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trees and fences, and fired upon him and his little company. Mr. Dustin dismounted from his horse, placed himself in the rear of his children, and returned the fire of the enemy often and with good success. In this manner he retreated for more than a mile, alternately encouraging his terrified charge, and loading and firing his gun, until he lodged them safely in a forsaken house. The Indian, finding that they could not conquer him, returned to their companions, expecting, no doubt, that they should there find victims, on which they might exercise their savage cruelty.

The party which entered the house when Mr. Dustin left it, found Mrs. Dustin in bed, and the nurse attempting to fly with the infant in her arms. They ordered Mrs. Dustin to rise instantly, while one of them took the infant from the arms of the nurse, carried it out, and dashed out its brains against an apple-tree. After plundering the house they set it on fire, and commenced their retreat, though Mrs. Dustin had but partly dressed herself, and was without a shoe on one of her feet. Mercy was a stranger to the breasts of the conquerors, and the unhappy women expected to receive no kindness from their hands. The weather at the time was exceedingly cold, the March wind blew keen and piercing, and the earth was alternately covered with snow and deep mud.

They traveled twelve miles the first day, and continued their retreat, day by day, following a circuitous route, until they reached the home of the Indian who claimed them as his property, which was on a small island, now called Dustin's Island, at the mouth of the Contoocook River, about six miles above the state house in Concord, New Hampshire. Notwithstanding their intense suffering for the death of the child, their anxiety for those whom they had left behind, and who they expected had been cruelly butchered, their sufferings from cold and hunger, and from sleeping on the damp earth, with nothing but an inclement sky for a covering, and their terror for themselves, lest the arm that, as they had supposed, had slaughtered those whom they dearly loved, would soon be made red with their blood; notwithstanding all this, they performed the journey without yielding, and ar. rived at their destination in comparative health.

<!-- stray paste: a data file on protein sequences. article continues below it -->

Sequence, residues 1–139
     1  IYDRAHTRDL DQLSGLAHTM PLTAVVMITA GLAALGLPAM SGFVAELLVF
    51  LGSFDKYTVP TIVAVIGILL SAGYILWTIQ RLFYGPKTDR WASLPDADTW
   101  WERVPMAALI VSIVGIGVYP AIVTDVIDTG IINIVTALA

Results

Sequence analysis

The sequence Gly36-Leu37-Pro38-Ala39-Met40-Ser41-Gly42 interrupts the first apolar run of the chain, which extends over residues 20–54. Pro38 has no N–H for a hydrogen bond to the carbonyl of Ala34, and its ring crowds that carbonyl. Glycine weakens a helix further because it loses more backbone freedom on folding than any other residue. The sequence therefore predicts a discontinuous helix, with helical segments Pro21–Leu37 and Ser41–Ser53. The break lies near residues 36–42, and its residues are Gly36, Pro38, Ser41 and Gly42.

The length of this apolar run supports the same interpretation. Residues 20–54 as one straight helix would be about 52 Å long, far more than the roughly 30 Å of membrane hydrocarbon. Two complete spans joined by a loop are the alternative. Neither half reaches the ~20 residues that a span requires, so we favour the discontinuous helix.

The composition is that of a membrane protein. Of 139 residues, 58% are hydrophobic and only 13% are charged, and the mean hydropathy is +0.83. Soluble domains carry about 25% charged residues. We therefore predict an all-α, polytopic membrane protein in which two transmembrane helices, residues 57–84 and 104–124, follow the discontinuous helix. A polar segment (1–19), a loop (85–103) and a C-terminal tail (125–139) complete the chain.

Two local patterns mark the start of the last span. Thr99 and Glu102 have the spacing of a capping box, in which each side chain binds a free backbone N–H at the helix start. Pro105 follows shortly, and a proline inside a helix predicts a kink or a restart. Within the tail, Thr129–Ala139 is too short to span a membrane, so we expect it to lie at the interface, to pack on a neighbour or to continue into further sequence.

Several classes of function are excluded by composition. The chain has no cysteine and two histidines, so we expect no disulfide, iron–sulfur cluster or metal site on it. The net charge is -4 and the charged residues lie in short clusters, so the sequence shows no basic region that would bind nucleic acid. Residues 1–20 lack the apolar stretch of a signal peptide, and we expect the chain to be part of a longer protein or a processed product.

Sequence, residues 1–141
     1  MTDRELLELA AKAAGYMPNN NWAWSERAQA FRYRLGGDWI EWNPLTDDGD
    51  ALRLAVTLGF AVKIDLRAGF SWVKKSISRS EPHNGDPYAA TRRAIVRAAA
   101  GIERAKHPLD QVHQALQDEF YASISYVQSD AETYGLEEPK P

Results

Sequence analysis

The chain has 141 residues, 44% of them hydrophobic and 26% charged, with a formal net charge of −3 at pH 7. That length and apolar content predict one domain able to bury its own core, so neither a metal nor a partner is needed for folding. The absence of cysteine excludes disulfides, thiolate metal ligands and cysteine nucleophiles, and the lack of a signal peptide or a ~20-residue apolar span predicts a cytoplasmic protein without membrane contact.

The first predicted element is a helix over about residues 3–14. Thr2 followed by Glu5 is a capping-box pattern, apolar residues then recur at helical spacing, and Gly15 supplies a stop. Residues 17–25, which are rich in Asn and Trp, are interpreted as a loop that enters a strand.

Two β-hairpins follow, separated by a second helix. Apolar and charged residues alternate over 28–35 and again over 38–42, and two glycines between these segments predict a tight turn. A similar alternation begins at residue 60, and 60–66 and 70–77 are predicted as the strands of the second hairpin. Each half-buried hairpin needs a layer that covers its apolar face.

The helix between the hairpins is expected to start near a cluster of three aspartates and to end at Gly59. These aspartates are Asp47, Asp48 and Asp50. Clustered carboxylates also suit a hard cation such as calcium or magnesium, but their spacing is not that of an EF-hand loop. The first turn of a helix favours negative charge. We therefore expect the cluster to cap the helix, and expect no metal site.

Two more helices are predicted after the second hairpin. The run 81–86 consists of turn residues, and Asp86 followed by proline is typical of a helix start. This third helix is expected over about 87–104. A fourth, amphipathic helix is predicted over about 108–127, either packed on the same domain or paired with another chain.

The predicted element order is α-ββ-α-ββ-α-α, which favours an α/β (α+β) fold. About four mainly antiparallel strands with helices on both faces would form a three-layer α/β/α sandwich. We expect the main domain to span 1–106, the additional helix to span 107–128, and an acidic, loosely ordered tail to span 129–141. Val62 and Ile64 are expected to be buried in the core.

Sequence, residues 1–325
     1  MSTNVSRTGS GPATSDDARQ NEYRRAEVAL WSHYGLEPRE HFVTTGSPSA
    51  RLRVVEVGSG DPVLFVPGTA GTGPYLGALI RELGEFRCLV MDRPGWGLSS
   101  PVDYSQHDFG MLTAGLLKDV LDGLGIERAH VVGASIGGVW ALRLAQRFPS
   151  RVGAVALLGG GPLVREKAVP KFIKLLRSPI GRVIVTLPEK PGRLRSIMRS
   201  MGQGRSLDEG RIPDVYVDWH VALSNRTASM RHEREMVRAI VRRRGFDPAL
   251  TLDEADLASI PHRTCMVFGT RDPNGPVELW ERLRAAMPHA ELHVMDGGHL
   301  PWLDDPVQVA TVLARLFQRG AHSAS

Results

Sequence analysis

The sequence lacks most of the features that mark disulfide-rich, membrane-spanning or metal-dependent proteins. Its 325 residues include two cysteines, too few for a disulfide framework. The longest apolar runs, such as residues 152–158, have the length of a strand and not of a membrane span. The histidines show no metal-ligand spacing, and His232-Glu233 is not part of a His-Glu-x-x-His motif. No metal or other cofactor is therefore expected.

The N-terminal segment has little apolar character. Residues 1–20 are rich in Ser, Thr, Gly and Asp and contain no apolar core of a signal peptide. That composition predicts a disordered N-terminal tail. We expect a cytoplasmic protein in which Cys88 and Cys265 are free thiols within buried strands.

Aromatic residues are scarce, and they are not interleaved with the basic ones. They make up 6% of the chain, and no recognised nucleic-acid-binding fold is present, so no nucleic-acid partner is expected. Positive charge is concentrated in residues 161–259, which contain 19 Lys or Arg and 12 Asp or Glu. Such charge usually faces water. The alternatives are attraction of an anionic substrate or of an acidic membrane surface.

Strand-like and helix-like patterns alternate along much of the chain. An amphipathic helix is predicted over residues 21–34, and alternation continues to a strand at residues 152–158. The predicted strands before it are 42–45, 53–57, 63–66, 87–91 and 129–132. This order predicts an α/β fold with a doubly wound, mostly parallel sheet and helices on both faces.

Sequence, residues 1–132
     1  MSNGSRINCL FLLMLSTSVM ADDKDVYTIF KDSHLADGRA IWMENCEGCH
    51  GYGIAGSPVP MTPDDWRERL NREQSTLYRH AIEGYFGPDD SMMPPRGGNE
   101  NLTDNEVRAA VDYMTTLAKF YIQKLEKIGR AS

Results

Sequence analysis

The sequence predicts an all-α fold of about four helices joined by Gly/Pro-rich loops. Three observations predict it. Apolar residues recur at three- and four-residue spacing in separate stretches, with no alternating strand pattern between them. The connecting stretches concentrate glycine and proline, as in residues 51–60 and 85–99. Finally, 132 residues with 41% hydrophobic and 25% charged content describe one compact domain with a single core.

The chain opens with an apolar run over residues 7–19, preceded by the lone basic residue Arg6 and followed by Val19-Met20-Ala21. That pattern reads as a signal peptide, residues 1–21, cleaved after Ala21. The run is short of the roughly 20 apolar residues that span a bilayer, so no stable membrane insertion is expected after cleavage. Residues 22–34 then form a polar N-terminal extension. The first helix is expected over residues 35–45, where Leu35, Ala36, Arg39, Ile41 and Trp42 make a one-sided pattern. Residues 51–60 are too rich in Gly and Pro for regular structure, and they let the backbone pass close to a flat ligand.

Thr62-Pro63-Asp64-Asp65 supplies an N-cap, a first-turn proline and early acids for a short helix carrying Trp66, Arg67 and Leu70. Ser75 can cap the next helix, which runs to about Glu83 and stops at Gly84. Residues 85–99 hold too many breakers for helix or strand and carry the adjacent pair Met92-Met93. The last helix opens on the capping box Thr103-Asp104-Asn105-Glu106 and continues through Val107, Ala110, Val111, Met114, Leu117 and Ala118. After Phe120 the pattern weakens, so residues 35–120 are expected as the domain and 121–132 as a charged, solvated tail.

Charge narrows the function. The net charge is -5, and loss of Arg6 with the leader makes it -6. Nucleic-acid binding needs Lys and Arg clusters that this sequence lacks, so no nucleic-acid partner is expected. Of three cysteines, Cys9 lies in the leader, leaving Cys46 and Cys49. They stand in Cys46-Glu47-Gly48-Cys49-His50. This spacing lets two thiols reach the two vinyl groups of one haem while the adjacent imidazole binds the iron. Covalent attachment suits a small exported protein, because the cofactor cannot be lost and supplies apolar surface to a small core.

The family of their Indian master consisted of two men, three women, and seven chil. dren; beside an English boy, named Samuel Lennardson, who was taken prisoner about a year previous, at Worcester. Their master, some years before, had lived in the family of Rev. Mr. Rowlandson, of Lancaster, and he told Mrs. Dustin that “when he prayed the English way he thought it was good, but now he found the French way better.”

These unfortunate women had been but a few days with the Indians, when they were in. forined that they must soon start for a distant Indian settlement, and that, upon their arrival, they would be obliged to conform to the regulations always required of prisoners, whenever they entered the village, which was, to be stripped, scourged, and run the gauntlet in a state of nudity. The gauntlet consisted of two files of Indians, of both sexes and of all ages, containing all that could be mustered in the village; and the unhappy prisoners were obliged to run between them, when they were scoffed at and beaten by each one as they passed, and were sometimes marks at which the young Indians threw their batchets. This cruel custom was often practiced by many of the tribes, and not unfrequently the poor prisoner sunk beneath it. Soon as the two women were informed of this, they determined to escape as speedily as possible. They could not bear to be exposed to the scoffs and unrestrained gaze of their savage conquerors-death would be preferable. Mrs. Dustin soon planned a mode of escape, appointed the 31st inst. for its accomplishment, and prevailed upon her nurse and the boy to join her. The Indians kept no watch, for the boy had lived with them so long they considered him as one of their children, and they did not expect that the women, unadvised and unaided, would attempt to escape, when success, at the best, appeared so desperate.

On the day previous to the 31st, Mrs. Dustin wished to learn on what part of the body the Indians struck their victims when they would dispatch them suddenly, and how they took off a scalp. With this view she instructed the boy to make inquiries of one of the men. Accordingly, at a convenient opportunity, he asked one of them where he would strike a man if he would kill him instantly, and how to take off a scalp. The man laid his finger on his temple-Strike 'em there,' said he ; and then instructed him how to scalp. The boy then communicated his information to Mrs. Dustin.